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Securing Azure Datacenters

DZone's Guide to

Securing Azure Datacenters

Using Azure for your cloud computing sounds like a good idea because it is. But don't necessarily expect all your security needs to be taken care of.

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A common misconception about consuming Azure public cloud services is that Microsoft is taking care of all security aspects. Although this is partially true, as a consumer of Azure public cloud services, you are responsible for some of the security controls. The number and areas of security controls you are responsible for depends on which type of public cloud services you are consuming- Software-as-a-Service (SaaS), Platform-as-a-Service (PaaS) or Infrastructure-as-a-service (IaaS).

Microsoft will manage most of the security controls within SaaS, a significant portion within of PaaS, and a small portion within IaaS. Conversely, you will need to manage most of the controls within IaaS, some within PaaS and a small portion within SaaS.

Azure PaaS services can be consumed under two models:

  1. Multi-tenant, public IP accessible.
  2. Dedicated virtual network (v-net) integrated.

Multi-tenant PaaS is hosted on virtual infrastructure shared with other customers, whereas PaaS dedicated is provisioned on virtual infrastructure dedicated for your use. With the dedicated v-net integrated model, you are responsible for implementing more security controls; however, as the solution is not publicly accessible over the internet, with appropriate monitoring and governance provides an improved security model.

When securing Azure datacenters, one challenge is to ensure you find the correct balance between enterprise IT governance, security and line-of-business developer agility. One approach to this is to have different standards between production and non-production environments, so developers can have the freedom to innovate within an environment with fewer controls whilst still having the required governance and controls within the production environment.

The following security pillars in Azure are areas to focus on when implementing your security controls.

Encryption

Encrypting data at rest and in-transit ensures that if the network or if data is ever compromised, it will not be possible for an attacker to access the content. Encryption keys should be stored in an Azure Key Vault with lifecycle management.

Identity

Ensuring your target operating model matches your Role Based Access Control (RBAC) design, and that a process for segregating duties exists will reduce risk.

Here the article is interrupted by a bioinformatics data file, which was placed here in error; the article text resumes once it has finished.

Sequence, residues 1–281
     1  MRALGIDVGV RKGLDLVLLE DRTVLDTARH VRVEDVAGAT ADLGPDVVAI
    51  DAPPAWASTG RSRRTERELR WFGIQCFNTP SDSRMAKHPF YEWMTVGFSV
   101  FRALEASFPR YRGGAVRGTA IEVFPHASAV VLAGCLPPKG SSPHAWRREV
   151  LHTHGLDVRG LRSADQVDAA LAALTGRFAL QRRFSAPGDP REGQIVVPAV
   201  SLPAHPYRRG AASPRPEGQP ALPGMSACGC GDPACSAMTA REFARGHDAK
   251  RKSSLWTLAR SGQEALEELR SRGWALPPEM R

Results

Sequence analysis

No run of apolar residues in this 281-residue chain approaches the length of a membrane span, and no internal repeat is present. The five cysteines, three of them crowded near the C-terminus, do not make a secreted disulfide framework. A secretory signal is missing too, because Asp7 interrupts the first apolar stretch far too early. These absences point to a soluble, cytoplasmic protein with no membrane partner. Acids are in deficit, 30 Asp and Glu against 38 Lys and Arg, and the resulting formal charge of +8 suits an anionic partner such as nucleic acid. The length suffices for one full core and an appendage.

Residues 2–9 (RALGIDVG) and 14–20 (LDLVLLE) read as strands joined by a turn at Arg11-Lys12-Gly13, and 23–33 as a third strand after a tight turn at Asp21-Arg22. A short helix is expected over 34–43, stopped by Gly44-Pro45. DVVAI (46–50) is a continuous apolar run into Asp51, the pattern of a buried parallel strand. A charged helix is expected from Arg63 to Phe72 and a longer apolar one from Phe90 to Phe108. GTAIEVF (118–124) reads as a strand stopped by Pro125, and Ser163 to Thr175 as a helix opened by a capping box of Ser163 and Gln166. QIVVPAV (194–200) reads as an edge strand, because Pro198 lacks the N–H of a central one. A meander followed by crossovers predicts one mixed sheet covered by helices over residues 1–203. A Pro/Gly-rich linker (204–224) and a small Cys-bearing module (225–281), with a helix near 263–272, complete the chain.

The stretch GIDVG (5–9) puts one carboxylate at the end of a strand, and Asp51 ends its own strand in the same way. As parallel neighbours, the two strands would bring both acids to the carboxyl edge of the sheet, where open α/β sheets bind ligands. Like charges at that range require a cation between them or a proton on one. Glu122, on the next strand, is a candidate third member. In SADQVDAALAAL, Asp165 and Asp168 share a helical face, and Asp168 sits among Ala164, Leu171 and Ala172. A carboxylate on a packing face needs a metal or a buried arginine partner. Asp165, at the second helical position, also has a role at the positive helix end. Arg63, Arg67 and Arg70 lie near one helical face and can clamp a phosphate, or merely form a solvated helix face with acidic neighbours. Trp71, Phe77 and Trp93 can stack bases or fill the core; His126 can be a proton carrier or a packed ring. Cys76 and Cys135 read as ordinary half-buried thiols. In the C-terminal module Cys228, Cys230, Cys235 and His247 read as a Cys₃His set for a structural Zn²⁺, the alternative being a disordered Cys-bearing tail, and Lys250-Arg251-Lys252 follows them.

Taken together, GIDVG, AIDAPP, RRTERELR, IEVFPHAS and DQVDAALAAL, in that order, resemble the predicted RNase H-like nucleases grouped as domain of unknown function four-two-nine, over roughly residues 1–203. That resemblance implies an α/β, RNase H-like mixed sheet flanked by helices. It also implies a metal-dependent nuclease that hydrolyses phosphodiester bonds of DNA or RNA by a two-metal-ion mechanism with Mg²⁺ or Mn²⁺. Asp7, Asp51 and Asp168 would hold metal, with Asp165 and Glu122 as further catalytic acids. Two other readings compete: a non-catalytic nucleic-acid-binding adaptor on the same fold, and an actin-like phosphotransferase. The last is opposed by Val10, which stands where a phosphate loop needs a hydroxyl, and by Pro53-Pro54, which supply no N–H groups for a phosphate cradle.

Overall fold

Software Defined Networking

Making sure workloads of different trust levels are segregated and that traffic visibility is provided to security operation centers are some critical controls.

Compliance

IaaS workloads should be hardened to a defined standard with agreed core applications and any deviations should be reported and remediated.

Monitoring and Reporting

Proactive monitoring of security controls is important and ideally, auto-remediation of any issues should be the desired outcome.

Availability

Availability design is critical in order to meet the recovery time objectives for a wide range of events and ensure applications continue to operate.

The following is a more comprehensive list of security controls and the tools/solutions available within Azure to meet the controls.

Azure Security Controls Azure Tools and Solutions

Network Subscription and Network Segregation. Subnet and NSG Design, WAF & NGF Firewalls
Monitoring Log Analytics, Azure Monitor, Azure AD, Azure Security Centre, Azure Network Watcher
Virtual Machine Build Compliance Hardening Standards, ARM Templates, DSC Core Application Installation Process, Certification
Cryptography and Secret Management OS Disk Encryption, Key Vault
Vulnerability Scanning Qualys Scanning Appliance and Security Centre agent
System and Software Vulnerability Management SCCM, OMS Patching
Cloud Security Azure Platform and OS Logs sent to SIEM and SOC. OMS, ATA
Identity & Access Management Identity for Portal and Host Access, MFA, Jump Box Design
Malware Protection Deploy chosen Anti-Malware agent as part of the build process
User Access Rights Design RBAC model, Azure policy design, reduced elevated privilege use
Backup Encrypted Backups, data restore process
Availability

Design, availability sets and zones and backup data center locations

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Topics:
azure ,cloud security ,cloud management ,cloud vendor ,cloud ,microsoft

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